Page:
Getting home after my surgery was awesome – I got to sleep in our new reclining love seats, which was so much more comfortable than the hospital bed, especially when you are woken up every 20 minutes. But more than anything, it was just being in my own environment again and even my kids felt more relaxed around me because it wasn’t as intimidating without all the machines and seeing me hooked up to all the wires. I get it – it can be pretty scary. Not to mention, I decorated for Christmas prior to surgery (ok, like the week or two before Thanksgiving – I don’t normally do it that early but I had a lot to get done – and I loved every minute of it). So walking into the house and seeing the Christmas tree up and having my babies crawl up beside me to watch a movie in the recliner was just such a blessing after a rough few days.
I knew the first couple of weeks would be rough but I had no clue of the reasons why. I was obviously in a lot of pain – more so from the muscles they had to clamp on the side of my neck to reach all of my lymph nodes underneath (sorry to gross anyone out). My scar didn’t hurt nearly as bad as those muscles which really surprised me – I was off the heavy pain meds after a couple days but continued to stay on the muscle relaxer for up to a couple weeks to minimize the discomfort (especially at night or anytime I would sit for long periods of time, when everything would stiffen up). I think by day 4/5 I was ready to get up and move along. My Hubby and Daddy did their best to keep me still as long as possible, but as I said before, I’m a pretty independent and can’t stand to be waited on. I was keeping track of all my meds (with help) and clearing out my drain (I won’t go into details but let me just tell you – it was disgusting and that was DEFINITELY worse than my incision). My Daddy and I would go on little field trips to get things done or run quick errands but nothing more than an hour or two knowing I would tire out easily and would need a mid-day nap. I hated them but needed them to get through the day – I always feel like I’m going to miss out on something (still like this now).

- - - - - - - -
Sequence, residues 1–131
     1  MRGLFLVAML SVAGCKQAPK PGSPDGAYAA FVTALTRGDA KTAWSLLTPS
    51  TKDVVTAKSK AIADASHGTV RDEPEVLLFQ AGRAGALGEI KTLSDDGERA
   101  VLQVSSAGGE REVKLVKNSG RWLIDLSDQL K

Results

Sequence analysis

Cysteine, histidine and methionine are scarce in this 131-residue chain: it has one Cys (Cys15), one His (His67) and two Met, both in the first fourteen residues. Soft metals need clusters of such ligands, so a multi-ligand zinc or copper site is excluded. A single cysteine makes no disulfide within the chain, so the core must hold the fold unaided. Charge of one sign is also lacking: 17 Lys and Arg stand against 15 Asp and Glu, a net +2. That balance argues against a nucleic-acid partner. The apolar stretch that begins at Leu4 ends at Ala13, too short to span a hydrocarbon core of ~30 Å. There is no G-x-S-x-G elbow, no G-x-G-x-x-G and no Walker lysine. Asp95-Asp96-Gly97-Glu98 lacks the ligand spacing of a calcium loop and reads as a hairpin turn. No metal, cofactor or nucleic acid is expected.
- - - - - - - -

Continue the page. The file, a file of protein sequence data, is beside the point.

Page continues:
Eventually I worked myself up to staying up all day and after just shy of 2 weeks, I finally felt comfortable to try driving again. I still didn’t have 100% full range of motion in my neck but enough to where I knew I could react in the event I needed to behind the wheel. At that time my Daddy needed to fly back home and it was very sad and hard on all of us. This was the longest he’s been able to stay in a long time and got used to him being around. We were so grateful for him staying with us for those 2 1/2 weeks and managing everything (not to mention building the stands under the washer and dryer!!)!!
I thought I was going to go crazy when he left while I was still home by myself then both kids where home sick, off and on, over the next 2 weeks, so the time flew by very quickly. I ended up getting sick with the flu the weekend before going back to work (I swear this was NOT done on purpose) – by this point, I was very much ready to get back in the routine of things.
That first week of work really kicked my butt – I thought sitting at a desk wasn’t going to be a big deal at all but in fact I was more sore from sitting and my focus was worse than ever. I know I had every reason to be scatter brained but it was not the time for it – I’ve been doing my job now for almost 4 years so I’m pretty confident and feel that I can do it with my eyes closed, well not so much anymore. Since I’ve been back (which has been a month now) I’ve made more mistakes than I made in my first week starting this job. I’ve had to personally apologize to the recruiters I support for the mistakes I have made because they know this is not ok by my standards. Once again, I know they understand by I don’t want the pity party or the “oh she is going through a lot so it’s ok” – I just wanted to be able to snap back into ordinary life and it was very frustrating for me to admit that it’s ok for that not to happen.
Everyone talks about how hard it is to be diagnosed but no one talks about how hard it is to just “fit in” again. You go through days where you can’t seem to talk about anything but Cancer and what you are experiencing and thinking but other days, if someone so much as mentions it, you break down and don’t want to talk about it. It’s just such a sensitive subject sometimes. I’m thankful for the people that allow me to do both – for me to vent and for me be ordinary. It means more than you will ever know!